Kenya: Kisumu Jua Kali Artisans Lock Horns With County Over Land

5 December 2019

The Kisumu County government of has locked horns with jua kali artisans over the ownership of a 23-acre parcel of land.

While the county administration intends to put up a multi-million market complex, the jua kali artisans on the other hand are laying claim to eight acres within the same piece of land and allege that the county has encroached on it.

The county government says the land was donated to them by Kenya Railways to resettle traders who were displaced by the expansion of the Kisumu port.

But the jua kali traders claim they have a title deed for the land which they say was given to them through a presidential decree.

BUSINESS COMPLEX

The differences erupted Wednesday when the Kisumu City Board moved to hand over the construction site of the proposed Uhuru Business Park Complex to the contractor.

"As we give the aggrieved traders time to resolve their concerns with Kenya Railways, we will start construction on the undisputed land in order to ensure that we do not lose more time," said the City Manager Doris Ombara.

She indicated that they have already received Sh350 million funding from the national government through the State Department for Urban Development under the Slum Upgrading Project.

"This will be part of the finances as we wait for an additional Sh700 million from the World Bank to modernise the market and have a capacity of 10,000 traders," she told Nation.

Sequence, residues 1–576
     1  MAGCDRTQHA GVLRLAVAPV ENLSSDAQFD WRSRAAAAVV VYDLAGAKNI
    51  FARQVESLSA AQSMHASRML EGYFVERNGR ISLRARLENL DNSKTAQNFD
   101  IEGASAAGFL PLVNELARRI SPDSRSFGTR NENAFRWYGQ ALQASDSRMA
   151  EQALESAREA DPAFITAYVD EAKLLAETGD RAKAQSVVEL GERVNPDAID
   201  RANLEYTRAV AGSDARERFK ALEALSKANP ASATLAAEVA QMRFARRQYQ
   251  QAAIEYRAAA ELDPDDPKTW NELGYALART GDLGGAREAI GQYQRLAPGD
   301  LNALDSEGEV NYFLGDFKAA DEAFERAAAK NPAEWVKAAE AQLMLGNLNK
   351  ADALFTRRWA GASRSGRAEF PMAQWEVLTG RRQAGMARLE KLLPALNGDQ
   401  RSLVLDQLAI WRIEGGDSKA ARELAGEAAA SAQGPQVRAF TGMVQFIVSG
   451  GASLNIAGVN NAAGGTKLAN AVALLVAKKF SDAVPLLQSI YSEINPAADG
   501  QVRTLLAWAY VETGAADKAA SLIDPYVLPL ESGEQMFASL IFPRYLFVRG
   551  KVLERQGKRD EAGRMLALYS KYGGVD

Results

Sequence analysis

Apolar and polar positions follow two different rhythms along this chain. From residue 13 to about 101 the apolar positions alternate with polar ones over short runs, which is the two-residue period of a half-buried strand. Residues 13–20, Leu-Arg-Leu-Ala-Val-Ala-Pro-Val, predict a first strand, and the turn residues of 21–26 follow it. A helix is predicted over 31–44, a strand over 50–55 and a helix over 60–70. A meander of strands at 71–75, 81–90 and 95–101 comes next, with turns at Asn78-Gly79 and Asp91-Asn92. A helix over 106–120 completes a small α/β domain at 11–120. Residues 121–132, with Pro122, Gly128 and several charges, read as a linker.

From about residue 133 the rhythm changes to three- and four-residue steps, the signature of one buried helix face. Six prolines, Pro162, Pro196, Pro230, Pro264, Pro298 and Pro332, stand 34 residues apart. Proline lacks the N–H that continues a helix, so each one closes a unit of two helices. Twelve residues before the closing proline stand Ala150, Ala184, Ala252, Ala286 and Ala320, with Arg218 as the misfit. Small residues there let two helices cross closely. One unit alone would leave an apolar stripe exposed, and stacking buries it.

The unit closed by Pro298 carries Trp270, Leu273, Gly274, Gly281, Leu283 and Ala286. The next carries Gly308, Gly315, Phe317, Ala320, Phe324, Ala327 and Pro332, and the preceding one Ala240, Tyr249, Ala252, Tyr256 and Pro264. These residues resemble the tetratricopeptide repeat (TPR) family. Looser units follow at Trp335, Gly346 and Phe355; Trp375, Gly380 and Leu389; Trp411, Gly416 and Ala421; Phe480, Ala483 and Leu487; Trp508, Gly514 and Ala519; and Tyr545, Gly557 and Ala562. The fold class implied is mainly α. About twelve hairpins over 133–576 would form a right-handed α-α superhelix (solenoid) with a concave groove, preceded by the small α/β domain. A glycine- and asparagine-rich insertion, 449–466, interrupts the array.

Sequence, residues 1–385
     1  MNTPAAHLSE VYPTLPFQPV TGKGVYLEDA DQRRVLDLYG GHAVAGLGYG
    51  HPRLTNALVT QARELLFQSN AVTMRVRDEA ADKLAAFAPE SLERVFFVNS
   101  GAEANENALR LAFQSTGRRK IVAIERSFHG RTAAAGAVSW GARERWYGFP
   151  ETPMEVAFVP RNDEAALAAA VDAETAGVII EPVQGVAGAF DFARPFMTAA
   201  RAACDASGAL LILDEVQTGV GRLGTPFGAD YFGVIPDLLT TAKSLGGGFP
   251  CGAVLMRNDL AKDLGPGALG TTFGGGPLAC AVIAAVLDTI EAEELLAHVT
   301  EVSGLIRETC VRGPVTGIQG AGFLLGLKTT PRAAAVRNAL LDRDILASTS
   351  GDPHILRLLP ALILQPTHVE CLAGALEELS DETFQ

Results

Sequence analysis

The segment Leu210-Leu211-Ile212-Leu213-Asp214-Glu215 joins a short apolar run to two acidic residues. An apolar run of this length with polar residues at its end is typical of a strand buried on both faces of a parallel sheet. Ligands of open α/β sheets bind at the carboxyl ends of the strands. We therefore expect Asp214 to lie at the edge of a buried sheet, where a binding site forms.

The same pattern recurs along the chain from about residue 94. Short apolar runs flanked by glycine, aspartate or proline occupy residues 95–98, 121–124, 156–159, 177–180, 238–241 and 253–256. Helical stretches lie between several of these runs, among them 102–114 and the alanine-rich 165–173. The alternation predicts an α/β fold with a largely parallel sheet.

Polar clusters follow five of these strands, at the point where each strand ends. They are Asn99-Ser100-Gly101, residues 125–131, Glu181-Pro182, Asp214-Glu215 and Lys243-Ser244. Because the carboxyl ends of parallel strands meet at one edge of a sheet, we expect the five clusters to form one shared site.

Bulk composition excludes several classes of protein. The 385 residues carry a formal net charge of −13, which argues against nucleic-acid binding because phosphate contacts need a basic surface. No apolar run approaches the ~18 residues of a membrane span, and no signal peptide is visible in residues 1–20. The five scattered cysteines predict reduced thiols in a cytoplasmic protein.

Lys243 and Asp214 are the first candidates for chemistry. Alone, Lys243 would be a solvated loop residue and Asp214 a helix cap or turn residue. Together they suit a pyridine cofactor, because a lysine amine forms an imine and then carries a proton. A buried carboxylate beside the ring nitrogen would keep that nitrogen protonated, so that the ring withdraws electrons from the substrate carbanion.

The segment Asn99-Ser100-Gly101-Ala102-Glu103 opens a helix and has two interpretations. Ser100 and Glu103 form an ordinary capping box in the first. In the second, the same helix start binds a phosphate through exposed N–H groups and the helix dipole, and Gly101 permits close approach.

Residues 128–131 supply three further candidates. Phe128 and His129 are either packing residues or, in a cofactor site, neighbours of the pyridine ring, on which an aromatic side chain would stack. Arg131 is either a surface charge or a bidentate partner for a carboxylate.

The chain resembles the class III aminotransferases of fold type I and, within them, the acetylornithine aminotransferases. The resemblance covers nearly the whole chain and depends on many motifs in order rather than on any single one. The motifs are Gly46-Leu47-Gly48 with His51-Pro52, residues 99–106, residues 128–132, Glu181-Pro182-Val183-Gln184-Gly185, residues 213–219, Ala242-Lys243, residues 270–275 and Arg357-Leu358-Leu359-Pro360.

GROUND BREAKING CEREMONY

Mrs Ombara, while indicating that they have already started erecting a chain-link fence, said President Uhuru Kenyatta is expected to preside over the ground breaking ceremony of the market during the official launch of the rehabilitated Sh3 billion Kisumu port.

"We have a site office ready and heavy machinery are on the ground. We hope that the matter will be addressed amicably to allow us finish the project as scheduled," said Ms Ombara.

But Kisumu Center Jua Kali Artisans Association Treasurer David Odanga claimed the county and the national governments have not been engaging them, only to surprise them with what they termed "ambush" into their land.

He maintained that the 37,000 members will not be moving out, noting that they legally own and have a title for the land.

SURPRISED

"We have been engaging the county government only to be surprised to see the design and map showing how they have encroached into our eight-acre piece of land.

"We hold the title deed and we already have our plan which will be implemented with the help of development partners. It is unfortunate that the two levels of government are not being transparent and have failed to conduct public participation," said Mr Odanga.

He indicated that they acquired the land following several years of policy formulation that culminated in the issuance of allotment letters in 1994 and a lease in the same year.

"The land we are currently occupying is legally ours and we have paid land rates and have land clearance from the ministry of land," said Mr Odanga.

Mr Odanga said they can only sit and engage the two levels of government on how to develop their proposal if it does not involve evicting them from the area and replacing them with other small businesses.

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